Members of Clemson Engineers for Developing Countries travel across the first of four mountains to get to the village of Morne Michel. Lake Péligre is in the background.

Members of Clemson Engineers for Developing Countries travel across the first of four mountains to get to the village of Morne Michel. Lake Péligre is in the background.

Here there are no roads. Well-worn paths crisscross up mountains. But locals maneuver the mountains like pros. Children take the rocky trail — some in flip-flops, others barefoot — carefully carrying two five-gallon buckets of water to their homes, often as far as 10 miles away.

Across Haiti, in small villages like Morne Michel, the water doesn’t flow freely. It’s often contaminated, and clean water is hard to find. Members of Clemson Engineers for Developing Countries, or CEDC, are working with the Adopt-A-Village program in order to change this.

“Water is the basis of all life. If you have to worry about water, you can’t worry about other important things, such as commerce,” said Robert Wood, a civil engineering graduate student. “We want to help villagers take ownership of their future.”

Adopt-A-Village pairs villages in Cange with churches and nongovernmental organizations that sponsor a village. These organizations have adopted villages and created strong relationships with the locals there, but don’t know how to use their funding most effectively.

These sponsors turned to CEDC for help, and the group quickly agreed. They would start by assessing the water supplies in individual villages and then determine the best way to improve each village’s facilities. In order to create a sustainable water supply, the group would also educate locals on the importance of clean water and include them in the process of rebuilding their water supplies. CEDC has adopted a philosophy for dealing with water issues: “An ounce of prevention is worth a pound of cure.” Ultimately, the group hopes to spread this idea across Haiti.

Knowing that their help was vital, CEDC scrambled to put together a team as soon as possible. And last August, a group of students traveled to Cange to visit four local villages.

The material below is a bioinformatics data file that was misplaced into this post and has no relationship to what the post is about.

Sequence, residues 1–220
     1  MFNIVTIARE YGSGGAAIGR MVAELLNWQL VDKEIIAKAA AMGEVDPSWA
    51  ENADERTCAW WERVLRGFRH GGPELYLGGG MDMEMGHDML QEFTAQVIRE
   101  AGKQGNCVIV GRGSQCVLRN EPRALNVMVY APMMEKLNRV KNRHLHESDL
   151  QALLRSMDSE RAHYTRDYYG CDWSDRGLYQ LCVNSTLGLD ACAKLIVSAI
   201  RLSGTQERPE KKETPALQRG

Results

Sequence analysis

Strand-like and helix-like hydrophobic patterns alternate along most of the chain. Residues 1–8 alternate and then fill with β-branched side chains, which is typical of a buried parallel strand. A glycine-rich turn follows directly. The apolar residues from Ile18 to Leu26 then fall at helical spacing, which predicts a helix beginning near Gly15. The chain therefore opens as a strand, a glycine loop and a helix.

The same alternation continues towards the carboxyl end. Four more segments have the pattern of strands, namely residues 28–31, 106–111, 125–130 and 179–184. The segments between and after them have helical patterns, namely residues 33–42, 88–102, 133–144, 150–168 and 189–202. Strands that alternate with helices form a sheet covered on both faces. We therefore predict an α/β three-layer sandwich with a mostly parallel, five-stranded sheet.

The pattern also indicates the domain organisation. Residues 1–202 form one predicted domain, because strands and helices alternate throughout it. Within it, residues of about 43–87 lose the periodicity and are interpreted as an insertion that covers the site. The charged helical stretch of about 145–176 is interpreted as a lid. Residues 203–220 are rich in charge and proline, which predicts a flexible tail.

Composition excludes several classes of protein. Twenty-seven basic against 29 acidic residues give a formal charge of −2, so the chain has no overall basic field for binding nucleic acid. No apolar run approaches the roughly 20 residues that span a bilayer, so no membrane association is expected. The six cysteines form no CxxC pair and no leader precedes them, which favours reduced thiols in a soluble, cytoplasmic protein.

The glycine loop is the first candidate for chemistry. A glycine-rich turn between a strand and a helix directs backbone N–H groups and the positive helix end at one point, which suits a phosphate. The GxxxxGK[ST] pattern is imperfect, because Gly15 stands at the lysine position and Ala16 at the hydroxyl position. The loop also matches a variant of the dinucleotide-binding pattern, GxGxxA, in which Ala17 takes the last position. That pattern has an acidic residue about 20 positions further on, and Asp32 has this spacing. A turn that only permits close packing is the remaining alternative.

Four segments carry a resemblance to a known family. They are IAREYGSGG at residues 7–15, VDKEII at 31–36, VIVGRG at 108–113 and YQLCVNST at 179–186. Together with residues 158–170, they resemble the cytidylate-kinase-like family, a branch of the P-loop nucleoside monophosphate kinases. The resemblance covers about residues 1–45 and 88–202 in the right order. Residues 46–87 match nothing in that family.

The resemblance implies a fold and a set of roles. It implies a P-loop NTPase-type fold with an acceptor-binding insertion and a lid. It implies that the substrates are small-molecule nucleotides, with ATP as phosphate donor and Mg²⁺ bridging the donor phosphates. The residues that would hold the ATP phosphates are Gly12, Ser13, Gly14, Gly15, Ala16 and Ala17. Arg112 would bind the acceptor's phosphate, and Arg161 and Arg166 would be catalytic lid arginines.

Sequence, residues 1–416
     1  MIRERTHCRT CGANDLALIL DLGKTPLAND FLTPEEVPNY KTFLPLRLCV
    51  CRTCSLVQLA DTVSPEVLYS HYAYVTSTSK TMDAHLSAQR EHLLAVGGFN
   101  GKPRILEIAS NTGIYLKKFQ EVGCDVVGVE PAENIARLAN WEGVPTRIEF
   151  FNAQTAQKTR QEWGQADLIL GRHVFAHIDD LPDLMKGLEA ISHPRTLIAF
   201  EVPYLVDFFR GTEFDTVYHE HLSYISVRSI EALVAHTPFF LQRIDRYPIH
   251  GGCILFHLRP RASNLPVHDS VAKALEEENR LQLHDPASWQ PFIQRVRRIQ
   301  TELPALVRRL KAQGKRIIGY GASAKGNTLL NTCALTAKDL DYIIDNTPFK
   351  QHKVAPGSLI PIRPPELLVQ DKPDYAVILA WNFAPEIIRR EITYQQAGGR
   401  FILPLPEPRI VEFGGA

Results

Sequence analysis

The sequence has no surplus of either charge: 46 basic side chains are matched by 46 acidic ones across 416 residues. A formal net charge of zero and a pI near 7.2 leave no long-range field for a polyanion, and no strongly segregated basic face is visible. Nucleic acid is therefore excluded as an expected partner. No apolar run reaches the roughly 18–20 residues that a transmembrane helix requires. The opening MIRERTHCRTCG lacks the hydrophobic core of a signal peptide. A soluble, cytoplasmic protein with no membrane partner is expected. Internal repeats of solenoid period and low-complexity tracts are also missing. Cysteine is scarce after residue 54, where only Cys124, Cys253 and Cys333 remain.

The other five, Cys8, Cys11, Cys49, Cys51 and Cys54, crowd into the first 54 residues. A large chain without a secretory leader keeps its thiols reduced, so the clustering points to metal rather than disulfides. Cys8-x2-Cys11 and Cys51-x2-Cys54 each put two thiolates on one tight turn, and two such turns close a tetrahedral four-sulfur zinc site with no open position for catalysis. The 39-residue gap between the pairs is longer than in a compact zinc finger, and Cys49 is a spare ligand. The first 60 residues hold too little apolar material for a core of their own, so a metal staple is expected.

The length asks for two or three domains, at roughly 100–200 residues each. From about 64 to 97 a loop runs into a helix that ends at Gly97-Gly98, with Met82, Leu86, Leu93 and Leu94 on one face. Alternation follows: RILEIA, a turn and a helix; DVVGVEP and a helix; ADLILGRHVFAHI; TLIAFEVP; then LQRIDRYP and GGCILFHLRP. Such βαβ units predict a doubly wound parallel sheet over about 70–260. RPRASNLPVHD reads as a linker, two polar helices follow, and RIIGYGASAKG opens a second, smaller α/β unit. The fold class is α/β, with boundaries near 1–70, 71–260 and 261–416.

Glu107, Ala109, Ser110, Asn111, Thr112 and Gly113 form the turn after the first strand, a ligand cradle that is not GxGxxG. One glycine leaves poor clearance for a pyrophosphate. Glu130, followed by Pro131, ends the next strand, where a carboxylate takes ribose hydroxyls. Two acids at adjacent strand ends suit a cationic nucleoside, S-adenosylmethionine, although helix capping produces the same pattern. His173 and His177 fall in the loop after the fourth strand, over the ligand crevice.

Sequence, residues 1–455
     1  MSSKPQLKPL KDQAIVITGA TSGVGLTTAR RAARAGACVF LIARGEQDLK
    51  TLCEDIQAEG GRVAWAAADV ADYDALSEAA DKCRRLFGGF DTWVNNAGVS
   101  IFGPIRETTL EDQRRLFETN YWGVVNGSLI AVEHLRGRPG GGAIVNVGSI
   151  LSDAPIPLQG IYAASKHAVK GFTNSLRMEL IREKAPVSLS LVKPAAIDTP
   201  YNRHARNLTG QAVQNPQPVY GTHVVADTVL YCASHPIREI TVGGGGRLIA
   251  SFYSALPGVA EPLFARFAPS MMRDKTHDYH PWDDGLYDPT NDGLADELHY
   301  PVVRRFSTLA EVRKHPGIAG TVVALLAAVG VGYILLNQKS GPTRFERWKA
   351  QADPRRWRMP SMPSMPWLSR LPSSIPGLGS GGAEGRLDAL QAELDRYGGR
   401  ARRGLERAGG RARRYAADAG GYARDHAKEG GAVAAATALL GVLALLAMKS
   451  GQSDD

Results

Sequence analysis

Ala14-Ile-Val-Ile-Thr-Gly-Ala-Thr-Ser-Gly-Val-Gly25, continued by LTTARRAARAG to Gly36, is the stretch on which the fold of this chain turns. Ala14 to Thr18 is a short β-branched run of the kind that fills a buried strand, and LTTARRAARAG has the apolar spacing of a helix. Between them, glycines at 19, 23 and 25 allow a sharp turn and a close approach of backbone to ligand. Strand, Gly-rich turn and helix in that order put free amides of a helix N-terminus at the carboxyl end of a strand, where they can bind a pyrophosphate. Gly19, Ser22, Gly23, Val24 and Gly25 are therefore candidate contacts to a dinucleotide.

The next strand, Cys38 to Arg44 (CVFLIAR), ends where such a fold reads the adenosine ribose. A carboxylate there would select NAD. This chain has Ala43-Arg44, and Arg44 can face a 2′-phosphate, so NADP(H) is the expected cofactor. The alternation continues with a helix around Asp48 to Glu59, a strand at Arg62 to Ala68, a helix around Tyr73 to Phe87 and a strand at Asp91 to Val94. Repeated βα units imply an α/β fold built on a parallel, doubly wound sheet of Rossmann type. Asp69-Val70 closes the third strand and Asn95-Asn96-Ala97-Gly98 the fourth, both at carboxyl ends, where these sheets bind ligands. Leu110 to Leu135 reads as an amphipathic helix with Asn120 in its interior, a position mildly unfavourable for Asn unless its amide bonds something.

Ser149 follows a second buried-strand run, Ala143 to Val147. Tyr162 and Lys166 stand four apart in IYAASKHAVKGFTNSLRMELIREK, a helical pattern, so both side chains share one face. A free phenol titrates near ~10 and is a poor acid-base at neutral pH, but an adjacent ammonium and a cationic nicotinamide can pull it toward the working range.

From left, students Jens Lund, Matt McDaniel ’11, Robert Wood and David Lowe with Paul Palmer, who is from one of the episcopal churches in South Carolina.The students tested local water supplies for pH levels, turbidity (or, the clarity of the water), chlorine demand (how much chlorine is needed to treat the water) and fecal coliforms. Contamination of a village’s water source by fecal coliforms can result in widespread cholera outbreaks, one of the leading causes of death in the area. Cholera can be treated, but it requires large amounts of rehydration solutions and IVs. These materials are expensive, and most of the villages, and even larger cities in Haiti, don’t have the adequate resources needed for treatment.

“We asked the locals, ‘How can we help?’” said Wood, and then CEDC did more than just help. They acted.

After the initial trip in August, the team returned to Clemson full of ideas on how they could improve each village’s quality of life. Then the group of engineers did what they do best. They designed.

Members of the team enrolled in a Creative Inquiry class devoted to the program. The team recruited students across the disciplines to join the class. English students began to use social media sites to further spread CEDC’s message across the Internet. Training sessions were held where students learned how to perform water quality tests and land surveys. Equipment was gathered, and lists were made. By October, the group was ready to return to the villages.

A warm and gracious reception awaited CEDC. “At each village, the villagers graciously shared coconut milk and sugar cane with us,” said Nathan Schneider, a senior civil engineering major.

Hiking across the terrain, the students took change and improvements from village to village. And while the students were able to teach locals about water, they, too, received their own lessons in Haiti.

“Most places you travel to, there’s an invisible barrier that remains intact — most of the people you interact with are other tourists or locals in the tourist industry. Haiti, it’s not like that,” said senior English major Katie Wunder. “Cange is a home.”

Using concrete and simple designs, students learned about the basics behind engineering. Collaboration taught them about soft engineering skills such as leadership and communication. And maybe most importantly, they learned about people and a lifestyle outside their own comfort zones.

“It makes me want to travel and work on these things,” said Jens Lund, senior civil engineering major. “Instead of building roads, I want to save lives. I would dare anyone to go down there and not get inspired.”

If you’d like to get involved with CEDC and the Adopt-A-Village program, contact All majors are invited and encouraged to join the organization.